Goldman Makes 2014 Aussie Bond Debut as Westpac Plans IssueBenjamin Purvis
Goldman Sachs Group Inc. is poised to become the first U.S. commercial bank to sell bonds in Australia this year, while Westpac Banking Corp. is also planning a new line of notes.
Goldman Sachs is marketing fixed- and floating-rate Australian dollar bonds due August 2019 at a yield of about 135 basis points more than swap rates, according to an e-mailed statement today from the issuer. Sydney-based Westpac, Australia’s second-biggest lender by market value, plans to sell five-year securities at a spread of around 95 basis points, according to a person familiar with the matter who asked not to be identified because the terms aren’t set.
Investor appetite for credit has helped cap borrowing costs in Australia with the yield premium over the swap rate on bank paper averaging 99 basis points yesterday and 94 on Feb. 7, a low unseen since February 2008, according to a Bank of America Merrill Lynch index. No U.S. commercial bank has sold bonds in Australia since Goldman Sachs’s last transaction in July, when it priced A$750 million ($670 million) of five-year fixed and floating-rate notes at a 170-basis-point spread.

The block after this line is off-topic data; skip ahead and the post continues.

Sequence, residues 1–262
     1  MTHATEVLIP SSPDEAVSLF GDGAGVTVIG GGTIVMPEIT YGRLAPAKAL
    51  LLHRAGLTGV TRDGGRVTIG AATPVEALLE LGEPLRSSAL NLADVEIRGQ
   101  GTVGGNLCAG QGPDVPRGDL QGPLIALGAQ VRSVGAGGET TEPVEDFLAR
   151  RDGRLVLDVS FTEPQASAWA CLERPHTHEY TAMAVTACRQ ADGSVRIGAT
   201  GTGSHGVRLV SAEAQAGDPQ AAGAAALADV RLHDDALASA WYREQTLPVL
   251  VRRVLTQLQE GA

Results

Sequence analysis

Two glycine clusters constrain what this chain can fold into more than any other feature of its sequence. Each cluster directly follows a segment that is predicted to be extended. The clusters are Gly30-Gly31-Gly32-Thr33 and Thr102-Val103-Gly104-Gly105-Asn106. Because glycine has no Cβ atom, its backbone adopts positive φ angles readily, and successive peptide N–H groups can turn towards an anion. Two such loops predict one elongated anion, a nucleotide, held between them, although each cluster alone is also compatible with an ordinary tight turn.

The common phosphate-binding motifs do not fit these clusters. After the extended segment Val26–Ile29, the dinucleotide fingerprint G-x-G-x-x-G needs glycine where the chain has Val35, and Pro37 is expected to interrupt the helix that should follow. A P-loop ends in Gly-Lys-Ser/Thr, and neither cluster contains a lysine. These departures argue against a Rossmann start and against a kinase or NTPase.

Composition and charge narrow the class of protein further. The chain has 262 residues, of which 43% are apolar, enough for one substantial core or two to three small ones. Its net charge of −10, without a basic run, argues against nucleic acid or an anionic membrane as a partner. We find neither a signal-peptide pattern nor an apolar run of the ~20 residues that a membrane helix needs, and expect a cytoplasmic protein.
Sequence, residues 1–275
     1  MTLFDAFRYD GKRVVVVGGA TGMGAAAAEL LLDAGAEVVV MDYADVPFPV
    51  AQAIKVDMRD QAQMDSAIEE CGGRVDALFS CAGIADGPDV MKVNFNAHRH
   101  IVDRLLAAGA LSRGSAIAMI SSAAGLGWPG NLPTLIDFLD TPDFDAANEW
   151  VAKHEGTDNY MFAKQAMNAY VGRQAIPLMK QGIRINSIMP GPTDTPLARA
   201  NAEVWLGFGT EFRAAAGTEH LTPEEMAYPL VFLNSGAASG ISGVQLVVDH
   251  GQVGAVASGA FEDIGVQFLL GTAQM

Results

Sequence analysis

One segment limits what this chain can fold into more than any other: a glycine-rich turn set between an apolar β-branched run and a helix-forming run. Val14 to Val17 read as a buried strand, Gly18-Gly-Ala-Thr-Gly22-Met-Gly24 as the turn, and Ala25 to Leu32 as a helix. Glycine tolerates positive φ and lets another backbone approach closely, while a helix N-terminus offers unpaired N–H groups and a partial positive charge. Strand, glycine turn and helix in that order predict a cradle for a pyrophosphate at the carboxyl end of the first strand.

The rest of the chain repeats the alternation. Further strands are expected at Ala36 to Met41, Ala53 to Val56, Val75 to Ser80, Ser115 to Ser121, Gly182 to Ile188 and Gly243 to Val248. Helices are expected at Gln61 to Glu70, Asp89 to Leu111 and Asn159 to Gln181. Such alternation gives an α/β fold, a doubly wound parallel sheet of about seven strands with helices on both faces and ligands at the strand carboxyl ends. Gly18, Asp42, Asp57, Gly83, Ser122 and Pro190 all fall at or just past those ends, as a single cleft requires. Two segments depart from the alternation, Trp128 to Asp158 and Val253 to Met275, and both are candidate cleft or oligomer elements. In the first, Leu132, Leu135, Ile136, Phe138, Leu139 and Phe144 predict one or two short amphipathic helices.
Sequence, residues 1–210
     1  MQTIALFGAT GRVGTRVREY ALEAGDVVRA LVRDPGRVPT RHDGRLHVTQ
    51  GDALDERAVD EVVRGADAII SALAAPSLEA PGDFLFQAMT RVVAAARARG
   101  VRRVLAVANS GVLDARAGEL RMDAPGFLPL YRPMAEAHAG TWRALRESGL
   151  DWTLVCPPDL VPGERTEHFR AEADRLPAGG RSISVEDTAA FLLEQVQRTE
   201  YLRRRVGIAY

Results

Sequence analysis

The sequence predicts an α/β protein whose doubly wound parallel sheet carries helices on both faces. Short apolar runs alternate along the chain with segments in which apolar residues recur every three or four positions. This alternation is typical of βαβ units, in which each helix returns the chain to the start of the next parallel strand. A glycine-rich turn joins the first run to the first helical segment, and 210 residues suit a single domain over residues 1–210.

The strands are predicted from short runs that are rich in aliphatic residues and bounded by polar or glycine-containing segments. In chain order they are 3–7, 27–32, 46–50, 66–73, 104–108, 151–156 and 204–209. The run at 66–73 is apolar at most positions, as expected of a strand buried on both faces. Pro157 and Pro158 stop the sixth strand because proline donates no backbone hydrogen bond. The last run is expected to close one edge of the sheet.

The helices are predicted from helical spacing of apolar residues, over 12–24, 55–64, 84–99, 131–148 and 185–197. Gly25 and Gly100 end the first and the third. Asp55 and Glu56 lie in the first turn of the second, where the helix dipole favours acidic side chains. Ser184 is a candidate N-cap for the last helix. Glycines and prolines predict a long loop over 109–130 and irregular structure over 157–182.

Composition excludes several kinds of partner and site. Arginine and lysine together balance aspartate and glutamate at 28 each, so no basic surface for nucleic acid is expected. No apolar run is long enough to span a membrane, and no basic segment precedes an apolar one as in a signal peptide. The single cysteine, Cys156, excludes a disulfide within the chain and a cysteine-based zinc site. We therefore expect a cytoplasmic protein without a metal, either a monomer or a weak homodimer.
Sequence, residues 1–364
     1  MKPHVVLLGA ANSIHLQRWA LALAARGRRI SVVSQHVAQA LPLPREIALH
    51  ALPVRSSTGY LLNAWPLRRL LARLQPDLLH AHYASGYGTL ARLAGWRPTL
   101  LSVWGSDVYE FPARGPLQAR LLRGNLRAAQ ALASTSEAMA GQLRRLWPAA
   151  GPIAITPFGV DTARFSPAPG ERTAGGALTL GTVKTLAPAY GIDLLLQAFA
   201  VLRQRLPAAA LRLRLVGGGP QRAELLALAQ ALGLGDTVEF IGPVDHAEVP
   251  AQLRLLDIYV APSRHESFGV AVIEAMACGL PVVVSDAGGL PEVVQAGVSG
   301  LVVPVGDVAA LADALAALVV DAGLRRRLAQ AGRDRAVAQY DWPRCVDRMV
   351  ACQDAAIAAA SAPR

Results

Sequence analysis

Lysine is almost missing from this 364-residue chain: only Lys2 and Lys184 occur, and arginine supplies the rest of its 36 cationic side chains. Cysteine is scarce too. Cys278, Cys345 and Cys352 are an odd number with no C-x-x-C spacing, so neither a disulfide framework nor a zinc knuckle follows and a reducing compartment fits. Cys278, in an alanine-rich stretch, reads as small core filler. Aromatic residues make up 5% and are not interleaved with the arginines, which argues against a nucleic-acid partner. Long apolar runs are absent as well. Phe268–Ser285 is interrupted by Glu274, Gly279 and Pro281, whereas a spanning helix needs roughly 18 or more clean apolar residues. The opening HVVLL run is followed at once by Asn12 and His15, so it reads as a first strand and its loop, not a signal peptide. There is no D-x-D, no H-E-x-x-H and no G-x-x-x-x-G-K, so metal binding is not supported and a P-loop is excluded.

“Investment banks were one of the strongest performing sectors in 2013 and I’d expect the Goldman Sachs deal to perform well, although recent emerging-market ructions could damp demand a bit,” said Justin Davey, a money manager at BT Investment Management Ltd.
Rabobank, ABN Amro
Dutch lenders Rabobank Groep and ABN Amro NV are the only other foreign commercial banks to have come to the Australian market so far this year, issuing A$600 million and A$500 million of notes respectively last month.
The August 2018 fixed-rate bond that Goldman Sachs sold last year yielded 106 basis points more than the swap rate today, Australia & New Zealand Banking Group Ltd. prices show. The American bank carries a credit rating of A- at Standard & Poor’s, the seventh highest, and is ranked Baa1 at Moody’s Investors Service, one level lower.
National Australia Bank Ltd. was the last of the so-called four-pillar domestic banks to sell new five-year notes in its home market, pricing A$1.5 billion of floating-rate debentures in November at a spread of 88 basis points, according to data compiled by Bloomberg. Both Commonwealth Bank of Australia and ANZ priced five-year securities in October. The last new benchmark-sized five-year bond from Westpac was issued in January 2013 at a 95-basis-point premium, the data show.
“There haven’t been many primary bank issues since the latter part of 2013,” BT’s Davey said. “I’d expect there to be solid interest for the Westpac transaction given the lack of supply and the benign conditions for banks as evidenced by recent results announcements from ANZ and CBA.”
Goldman Sachs is managing its own offering along with CBA, NAB and Royal Bank of Canada. Westpac is also managing its own sale, the person familiar with that matter said. Both transactions are expected to price by tomorrow.